Despite John Wayne and Claire Trevor being labelled as the stars of Stagecoach, the film can easily be seen as an ensemble piece. Each character riding on the journey to Lordsburg is given enough attention for the audience to understand who they are after just an hour and a half. The people on board the stagecoach are of different social status, but (a usual occurrence found in John Ford's films) it is the low class citizens that are the kinder bunch and the high class folks get killed or arrested or similar near the end of the film. Gatewood the once respected banker is portrayed as a grumpy, mostly negative man and is arrested once he arrives in Lordsburg due to having stolen money from his own safe. Lucy Mallory the high-class society woman is seen sneering and looking down at Dallas throughout the film, but her goal of reuniting with her husband fails to occur. Hatfield is dressed and acts like a noble gentleman, but is in fact a notorious gambler and is shot by the Apaches near the end. Meanwhile, Dallas is shown as kind and helpful, attempting many times to help take care of Lucy. While Lucy fails to find her husband, Dallas gains one when the Ringo Kid proposes to her. The Kid is in fact allowed to keep a clean record, despite escaping from prison and goes to live with his new wife at his ranch. Doc Boone is very sympathetic towards everybody despite his alcoholic tendencies and in the end overcomes his addiction. The most notable scene showcasing the characters' personalities involves the passengers eating at a long dinner table. The Ringo Kid is kind towards Dallas (although he is unaware of her profession) and treats her like a lady. Lucy does not want be sitting near the escaped convict and the prostitute and asks to be moved. This action shows the prejudice seen in the upper-crust of society, which is shown even earlier by how disgusted the woman's society of Tonto are by Boone's addiction and Dallas's profession. Even though they are regular people, they are never treated as such. Another notable occurrence in Stagecoach of this sort is inside the carriage when Gatewood is seen shouting annoying commands at Ringo and Boone, but appears to be a shouting mad-dog and thus shouldn't be taken seriously. The cowboy and the doctor are shown being calm during the whole situation. Stagecoach shows that the true power in the world is with the little people and not the big people who order them around. This wonderfully uplifting theme has been continued by Ford and other directors as well as the story and structure for many decades after.

Before the release of Stagecoach, westerns were primarily viewed as simply children's entertainment and were mostly relegated to cheap B-productions. They were not taken seriously and didn't make much money and so major studios primarily ignored them. John Ford had not done a western since the silent film days but decided to make another one when he read the story Stage to Lordsburg by Ernest Haycox in Collier's Magazine. He immediately bought the rights and commissioned his long-time friend Dudley Nichols to write the screenplay. He had tried to shop the story around Hollywood, until finally independent producer Walter Wagner decided to put up the money. He suggested that Gary Cooper play the Ringo Kid but Ford, already set with B-western actor John Wayne for the part, got his way. Stagecoach was released to rave reviews and received two Academy Awards for best scoring and best supporting actor for Thomas Mitchell (who played Doc Boone). Westerns were taken directly out of their slump and soon enough were considered a profitable genre with Wayne being the biggest star. Westerns became more adult and respected and John Ford continued to direct many of them. Other directors such as Clint Eastwood and Kevin Costner were obviously influenced by his work. Westerns also concentrated more on stories and character rather than action sequences. Quiet moments such as the dinner table scene were copied in future productions as well as character traits that can be traced back to Stagecoach. John Wayne's quiet and subtle performance as the Ringo Kid would provide a huge inspiration for future characters like Clint Eastwood's The Man With No Name. Stagecoach's influence can easily be seen through the years in both parodies (such as Mel Brooks' Blazing Saddles) and spaghetti westerns (like Sergio Leone's The Good, The Bad and the Ugly). Even medians that are not directly westerns can be seen as having been inspired by Stagecoach, like the short-lived Joss Whedon science fiction series Firefly. Nobody at the time of Stagecoach's filming would have guessed just how much it would influence future productions.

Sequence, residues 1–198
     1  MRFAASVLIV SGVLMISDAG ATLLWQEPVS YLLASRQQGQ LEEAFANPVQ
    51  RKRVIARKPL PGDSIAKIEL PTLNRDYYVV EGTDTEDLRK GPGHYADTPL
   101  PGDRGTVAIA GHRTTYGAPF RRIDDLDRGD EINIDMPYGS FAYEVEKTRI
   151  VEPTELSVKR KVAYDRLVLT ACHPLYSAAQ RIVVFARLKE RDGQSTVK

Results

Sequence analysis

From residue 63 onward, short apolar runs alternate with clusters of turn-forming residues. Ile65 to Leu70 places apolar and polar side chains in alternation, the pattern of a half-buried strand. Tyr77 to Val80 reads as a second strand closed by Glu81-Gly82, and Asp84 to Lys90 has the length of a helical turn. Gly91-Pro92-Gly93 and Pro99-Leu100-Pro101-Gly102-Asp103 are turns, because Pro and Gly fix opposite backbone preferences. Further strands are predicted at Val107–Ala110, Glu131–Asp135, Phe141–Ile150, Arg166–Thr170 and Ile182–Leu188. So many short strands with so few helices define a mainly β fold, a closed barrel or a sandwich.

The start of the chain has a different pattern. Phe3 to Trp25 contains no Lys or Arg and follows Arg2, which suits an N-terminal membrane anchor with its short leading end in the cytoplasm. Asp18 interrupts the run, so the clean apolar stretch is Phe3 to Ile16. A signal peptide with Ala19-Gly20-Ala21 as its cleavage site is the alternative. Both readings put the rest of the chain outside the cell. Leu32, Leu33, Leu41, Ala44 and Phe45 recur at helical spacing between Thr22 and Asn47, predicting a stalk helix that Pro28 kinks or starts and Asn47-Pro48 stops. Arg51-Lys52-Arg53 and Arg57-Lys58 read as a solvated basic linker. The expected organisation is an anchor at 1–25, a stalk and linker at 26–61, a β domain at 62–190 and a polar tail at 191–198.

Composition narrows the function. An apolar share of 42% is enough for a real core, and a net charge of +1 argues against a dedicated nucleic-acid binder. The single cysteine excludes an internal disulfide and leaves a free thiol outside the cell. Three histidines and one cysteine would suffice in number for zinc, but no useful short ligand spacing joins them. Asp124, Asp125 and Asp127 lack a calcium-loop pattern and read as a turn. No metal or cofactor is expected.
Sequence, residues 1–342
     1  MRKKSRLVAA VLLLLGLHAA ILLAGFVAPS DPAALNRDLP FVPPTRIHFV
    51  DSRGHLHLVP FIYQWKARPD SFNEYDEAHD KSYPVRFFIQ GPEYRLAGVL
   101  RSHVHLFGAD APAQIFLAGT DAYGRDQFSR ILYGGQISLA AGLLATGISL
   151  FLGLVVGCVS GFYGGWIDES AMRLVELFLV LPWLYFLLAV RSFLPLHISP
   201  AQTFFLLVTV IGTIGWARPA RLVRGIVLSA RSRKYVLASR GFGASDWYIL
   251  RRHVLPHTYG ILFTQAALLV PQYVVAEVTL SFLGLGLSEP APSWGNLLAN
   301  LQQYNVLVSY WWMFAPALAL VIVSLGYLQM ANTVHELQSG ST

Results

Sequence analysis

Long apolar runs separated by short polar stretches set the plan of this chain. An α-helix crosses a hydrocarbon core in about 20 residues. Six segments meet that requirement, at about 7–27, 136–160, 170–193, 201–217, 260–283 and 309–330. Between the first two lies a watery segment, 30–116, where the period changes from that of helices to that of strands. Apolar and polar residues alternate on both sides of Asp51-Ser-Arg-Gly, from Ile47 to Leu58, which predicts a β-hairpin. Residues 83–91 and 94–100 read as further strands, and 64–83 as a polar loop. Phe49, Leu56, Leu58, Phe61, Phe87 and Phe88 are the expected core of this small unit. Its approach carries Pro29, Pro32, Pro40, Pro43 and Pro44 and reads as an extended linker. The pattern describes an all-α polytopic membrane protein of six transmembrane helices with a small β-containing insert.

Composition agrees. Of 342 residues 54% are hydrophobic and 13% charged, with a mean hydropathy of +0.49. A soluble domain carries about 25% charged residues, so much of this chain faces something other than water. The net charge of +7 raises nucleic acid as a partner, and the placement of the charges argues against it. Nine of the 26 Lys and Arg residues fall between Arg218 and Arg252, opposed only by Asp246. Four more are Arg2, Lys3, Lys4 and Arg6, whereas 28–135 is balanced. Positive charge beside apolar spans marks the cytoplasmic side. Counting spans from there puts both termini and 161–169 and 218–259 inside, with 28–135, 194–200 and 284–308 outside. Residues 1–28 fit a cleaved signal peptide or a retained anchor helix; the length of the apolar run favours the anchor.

The general ideas for what a great film should contain are: believable characters, a well-written story and an interesting direction. Stagecoach contains all of the aforementioned elements and naturally the film is a classic in the western genre. Dudley Nichols' screenplay is both entertaining and amusing with its characters being not even close to flawless. John Wayne heads the cast with a performance that expresses quite a lot despite its subtlety, which helped make him a cinema icon. However the big brain behind the whole operation was director John Ford who made a western that has been enchanting audiences and film aficionados since its premiere in 1939. It may not have the lasting appeal of Citizen Kane and Casablanca, but Stagecoach is still a wildly enjoyable time at the cinema.

The cast of John Ford's Stagecoach.
Home   # -C   D-F   G-I   J-L   M-O   P-R   S-U   V-Z

Logo designed by Adrian Ellison.  Website created by Estefan Ellison.
The Film Archives is hosted and designed by Design Doodles.
All reviews are the sole property of The Film Archives and its staff.